Romance Novels/The Year of Saving Dangerously

I drafted this post in early June and then promptly forgot about it. Here it is now, happily merged with a more recent draft on a different topic!

First of all, let’s take a look at this awesome blog: Smart Bitches, Trashy Books.

Next, check out this ridiculous article about how romance novels will make women crazy and ruin their marriages. Yikes.

Now, let’s shift gears for a moment and discuss the fact that I’m 23, living on my own, working full-time, feet away from completing my masters degree, and I’ve just put myself on such an extreme budget that I may actually have to go back to eating Ramen noodles every night for dinner like a dumb freshman because I can’t afford my stupid student loans. This week I have to choose between tampons and milk, which is both sad and disgusting.

I shared this article, about college students or recent graduates considering the prospect of prostitution in order to deal with their debt, on Facebook a few weeks ago and it definitely got a lot of responses from my friends.

A day or two after that, my friend Chris shared this with me – it references the previous article, and then elaborates further on the other options which some students are choosing.

Finally, I came across this piece a few days ago, about yet another bursting bubble in this absurd economy.

(And then Georgia shared that same link in her wonderful blog, too!)

From where I sit right now (and I am still stubbornly clinging to a small glimmer of hope that I will soon be proven wrong), I honestly wish I had not gone to college. Everything in life is a potentially risky gamble – attending college and finding success afterwards was never going to be a totally, 100% sure thing. I could have been caught doing any number of illegal or “immoral” activities (hi, I went to a Catholic school with a dry campus), lost my scholarship and been forced to pay more or get out. I could have not been a naturally serious student, partied too hard, and then just failed out entirely. I could have not been blessed with an aptitude for taking blue book tests and writing essays. A variety of other scenarios could have arisen and somehow corrupted my ability to pursue a degree, and afterwards, even in the best economy, jobs are still something people must compete for – unless your last name is Carlson-Worthington III, people don’t usually just get their dream career handed to them along with their diploma.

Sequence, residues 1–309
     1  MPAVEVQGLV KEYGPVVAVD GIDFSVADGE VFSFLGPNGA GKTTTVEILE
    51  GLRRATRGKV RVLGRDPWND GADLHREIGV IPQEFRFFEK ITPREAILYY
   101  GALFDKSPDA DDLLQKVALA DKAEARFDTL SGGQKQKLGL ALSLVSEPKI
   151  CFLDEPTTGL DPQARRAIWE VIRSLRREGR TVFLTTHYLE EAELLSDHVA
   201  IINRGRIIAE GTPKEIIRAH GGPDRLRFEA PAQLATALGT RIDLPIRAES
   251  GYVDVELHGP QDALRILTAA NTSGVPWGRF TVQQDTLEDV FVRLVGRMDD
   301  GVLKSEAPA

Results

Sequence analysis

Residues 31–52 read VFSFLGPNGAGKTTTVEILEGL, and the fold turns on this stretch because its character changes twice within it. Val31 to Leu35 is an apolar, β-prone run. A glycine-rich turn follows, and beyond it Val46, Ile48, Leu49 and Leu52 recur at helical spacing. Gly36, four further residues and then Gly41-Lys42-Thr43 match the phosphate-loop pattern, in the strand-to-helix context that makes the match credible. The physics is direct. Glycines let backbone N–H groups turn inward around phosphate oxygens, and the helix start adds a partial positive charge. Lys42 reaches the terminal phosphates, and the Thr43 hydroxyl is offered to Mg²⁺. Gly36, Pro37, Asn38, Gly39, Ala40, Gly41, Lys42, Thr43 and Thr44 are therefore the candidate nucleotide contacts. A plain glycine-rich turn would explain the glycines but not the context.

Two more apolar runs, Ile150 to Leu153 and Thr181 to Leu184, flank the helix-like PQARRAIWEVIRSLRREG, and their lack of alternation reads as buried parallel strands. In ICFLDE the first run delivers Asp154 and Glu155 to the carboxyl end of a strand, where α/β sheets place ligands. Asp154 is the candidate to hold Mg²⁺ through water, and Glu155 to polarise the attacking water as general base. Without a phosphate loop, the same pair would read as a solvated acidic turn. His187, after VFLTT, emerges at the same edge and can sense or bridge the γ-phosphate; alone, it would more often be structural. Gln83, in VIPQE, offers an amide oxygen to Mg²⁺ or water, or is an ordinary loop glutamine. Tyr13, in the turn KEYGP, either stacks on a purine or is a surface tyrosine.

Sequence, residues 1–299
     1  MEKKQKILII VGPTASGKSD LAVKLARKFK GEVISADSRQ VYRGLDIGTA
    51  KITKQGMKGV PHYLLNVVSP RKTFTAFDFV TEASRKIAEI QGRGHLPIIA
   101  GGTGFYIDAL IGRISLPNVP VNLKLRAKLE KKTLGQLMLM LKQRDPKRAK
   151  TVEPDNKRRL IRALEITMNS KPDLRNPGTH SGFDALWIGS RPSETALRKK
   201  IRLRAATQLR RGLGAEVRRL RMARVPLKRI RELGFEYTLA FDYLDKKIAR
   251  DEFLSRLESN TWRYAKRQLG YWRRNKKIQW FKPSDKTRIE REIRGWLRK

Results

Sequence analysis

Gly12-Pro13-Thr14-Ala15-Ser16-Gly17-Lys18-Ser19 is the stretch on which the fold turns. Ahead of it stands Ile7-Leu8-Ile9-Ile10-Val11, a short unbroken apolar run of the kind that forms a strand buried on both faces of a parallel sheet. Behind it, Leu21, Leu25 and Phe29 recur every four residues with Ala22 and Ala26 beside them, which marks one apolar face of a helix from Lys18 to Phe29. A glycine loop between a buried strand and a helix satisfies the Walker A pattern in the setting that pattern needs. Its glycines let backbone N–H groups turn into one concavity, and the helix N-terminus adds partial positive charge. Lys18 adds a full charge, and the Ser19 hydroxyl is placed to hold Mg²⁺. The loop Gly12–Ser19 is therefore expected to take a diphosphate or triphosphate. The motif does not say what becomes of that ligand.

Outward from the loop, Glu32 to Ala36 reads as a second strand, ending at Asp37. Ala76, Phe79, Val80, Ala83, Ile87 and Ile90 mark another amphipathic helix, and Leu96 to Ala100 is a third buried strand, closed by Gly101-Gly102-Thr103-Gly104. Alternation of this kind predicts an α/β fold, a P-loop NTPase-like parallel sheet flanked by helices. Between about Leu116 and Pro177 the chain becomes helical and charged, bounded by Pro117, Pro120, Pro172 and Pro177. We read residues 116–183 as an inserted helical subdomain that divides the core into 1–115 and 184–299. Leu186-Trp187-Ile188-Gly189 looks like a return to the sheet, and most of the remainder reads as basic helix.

However, none of what I just said actually happened. I tried to stay very much within the lines of acceptable behavior, and took great care to not be caught on the rare occasions that I stepped out of those lines. I was lucky to not have any outrageous familial or other disasters occur that would have forced me to return home. I studied and I was also fortunate enough to write and test well, I made good connections with my professors, I had a job for all four years, worked summers, I did the internship thing, and I did volunteer work, too.

Basically, everything that could fall into place did just that, and I did everything in my power to turn attending college from a gamble to an investment, and I graduated on time and with honors. But none of that matters.

Of my closest girlfriends from high school, I was the only one who went to college and I was a giant snob about it a lot of the time. As rightfully aggravated as they may have been with me, however, I’m pretty sure that I’m at least as frustrated now by the fact that we all make about the same amount of money (somewhere between minimum wage and maybe $5ish above) but their $8-$15 an hour doesn’t also have to pay off thousands upon thousands of dollars of debt. They have their own financial disasters to deal with and I’m not saying they’re necessarily better off than I am, but it’s extraordinarily disheartening to have put so much effort into something that was supposed to be both the time of my life and the best foundation I could possibly lay for my future as well, but so far, it’s just been an albatross around my neck.

Anyway, this is how I shall tie two seemingly unrelated topics of this post together.

My mom and I met up at the laundromat last night and sat around outside, just talking and waiting for her clothes to dry. In the course of conversation, I relayed some of the information I’ve gotten from those students-turned-sex-workers articles I’ve been reading lately to her, and this was her response:

Mom: You should write a book!
Me: Mom, I’m not going to write a book about how I read some articles about some other people who chose different paths to deal with the same problems I’m dealing with. I’ll write a blog entry about it, maybe, but that’s all.
Mom: Okay, so I’ll write a book!
Me: Mom, no. No one wants to read a book by an almost 60 year old woman who’s heard about how some people in her daughter’s basic situation made some different choices than her.
Mom: Okay, so let’s write a book together!
Me: Mom…
Mom: No, it’ll be a romance novel! People love those! And it can be about greedy corporate CEO’s and seedy politicians and university presidents and loan agencies [screwing] barely legal students on the verge of adulthood! You and I can just get together and drink wine and write together, it’ll be fun. Invite your friends! We need lots of different stories! And we’ll get it published and make a million dollars and then we can pay off your loans!

She’s a goofball, and I love her.

I’ll leave you with these select Scumbag College memes.





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